How many great corporate organizations were created with the words, “Once upon a time?”
Not many, I’ll wager. Yet that is exactly how Microsoft Research, one of the world’s biggest and most prestigious corporate research institutions, came to life back in 1991.
“Once upon a time,” former Microsoft CTO Nathan Myhrvold wrote to Bill Gates in the memo that spawned the research group, “it was very clear what our product agenda was—simply take the ideas which were successful on ‘big computers’ and move them to ‘little computers.’” But, Myhrvold asserted, “the days of taking something off the shelf and adapting it to our ‘little computers’ are over…In very general terms, we have to invest in our future by doing more work in research and technology creation.”
I have been thinking a lot about MSR lately. That’s because the organization, 22 years old this month, is in the midst of a significant realignment of its mission. On July 11, Microsoft announced a broad reorganization designed, in CEO Steve Ballmer’s words, to “enable us to innovate with greater speed, efficiency and capability in a fast changing world.” As part of this overhaul, the company announced some big changes at its research arm, which has grown to include some 1,100 scientists and engineers working at seven major research labs and six other technology centers or smaller outposts around the world. Chief among those changes was the news that Microsoft senior vice president Rick Rashid, who had been at the helm of the organization since its founding, was relinquishing the reins of MSR to take another job in the company.
It is hard to say so early in the transition what, exactly, the changes mean for Microsoft Research. I spoke this week with Peter Lee, his successor. Lee was effusive in his praise of the MSR founder and the organization and culture he created. He was also candid in saying that some fundamental changes are underway designed to weight MSR more toward “mission-focused” research directed at practical problems that relate to Microsoft’s business, and adjusting the balance between that and more blue sky research without direct commercial payoff.
I plan on writing more about my conversation with Lee and the particulars of MSR’s evolution in the coming weeks. But this article is not about the future. It is about how Microsoft Research was created—and the lessons its creation may hold for big companies navigating today’s ever-more-rapidly changing technology landscape.
What follows are some very brief highlights from the original, never-before-published memo that spawned the lab and a briefing presentation Myhrvold gave to senior Microsoft executives after Gates approved the plan. Myhrvold, now CEO of Intellectual Ventures in Bellevue, WA, wrote the undated memo and created the briefing slides in 1991. (I secured paper copies of them years ago while writing Guanxi, a book about Microsoft’s Beijing lab co-written with Xconomy deputy editor Greg Huang.)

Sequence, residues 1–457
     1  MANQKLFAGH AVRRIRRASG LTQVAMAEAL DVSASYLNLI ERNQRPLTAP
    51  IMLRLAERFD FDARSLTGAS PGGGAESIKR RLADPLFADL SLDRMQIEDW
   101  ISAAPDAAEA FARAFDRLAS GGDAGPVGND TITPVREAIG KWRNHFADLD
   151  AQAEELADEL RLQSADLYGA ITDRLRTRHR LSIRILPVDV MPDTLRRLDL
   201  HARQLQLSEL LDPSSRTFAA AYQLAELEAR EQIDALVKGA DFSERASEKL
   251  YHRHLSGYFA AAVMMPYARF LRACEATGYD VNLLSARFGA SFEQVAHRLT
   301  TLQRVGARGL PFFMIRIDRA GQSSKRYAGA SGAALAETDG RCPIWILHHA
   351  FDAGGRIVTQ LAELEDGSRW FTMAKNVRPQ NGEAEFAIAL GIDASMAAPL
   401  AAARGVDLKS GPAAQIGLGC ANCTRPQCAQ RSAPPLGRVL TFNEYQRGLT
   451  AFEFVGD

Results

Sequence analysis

I have posted Myhrvold’s slides with this article. The full memo, entitled “Microsoft Research Plan” and labeled “Microsoft Confidential,” is posted here, along with my more detailed analysis and commentary about what it means for today.
Many critics have taken MSR to task over the years, saying it has not contributed its share to Microsoft products—something its defenders, from Bill Gates to Rashid on down, have vigorously refuted. But whatever you think about Microsoft Research, the slides and memo hold valuable insights for how large corporations should view—and take responsibility for—their long-term future. They showcase how a major corporate research organization was born, but more importantly they offer a view of how research can be structured in a big company, why some research should exist outside of business divisions, how goals should be determined, and more.
These are things other seemingly invincible companies today—think Apple, Google, Twitter, Facebook, at least two of which some think have already hit their peak—should consider very seriously as they ponder their futures once the bloom of their initial innovations is off the rose and they must contemplate how to last for the next 100 years, not just their first 10 or 20.
Again, here are some very brief highlights.
Why Do Research?
“In the course of the next couple of years,” Myhrvold wrote, “our development organization will need access (and in some cases exclusive access) to technology which does not exist today. Although we are quite capable in creating products, our developers are not equipped for this task by themselves. This isn’t just for extra credit, in many cases it is needed just to fulfill the vision and commitment that we have already embarked upon. There is a lot … Next Page »
Bob is Xconomy's founder and editor in chief. You can e-mail him at firstname.lastname@example.org, call him at 617.500.5926.
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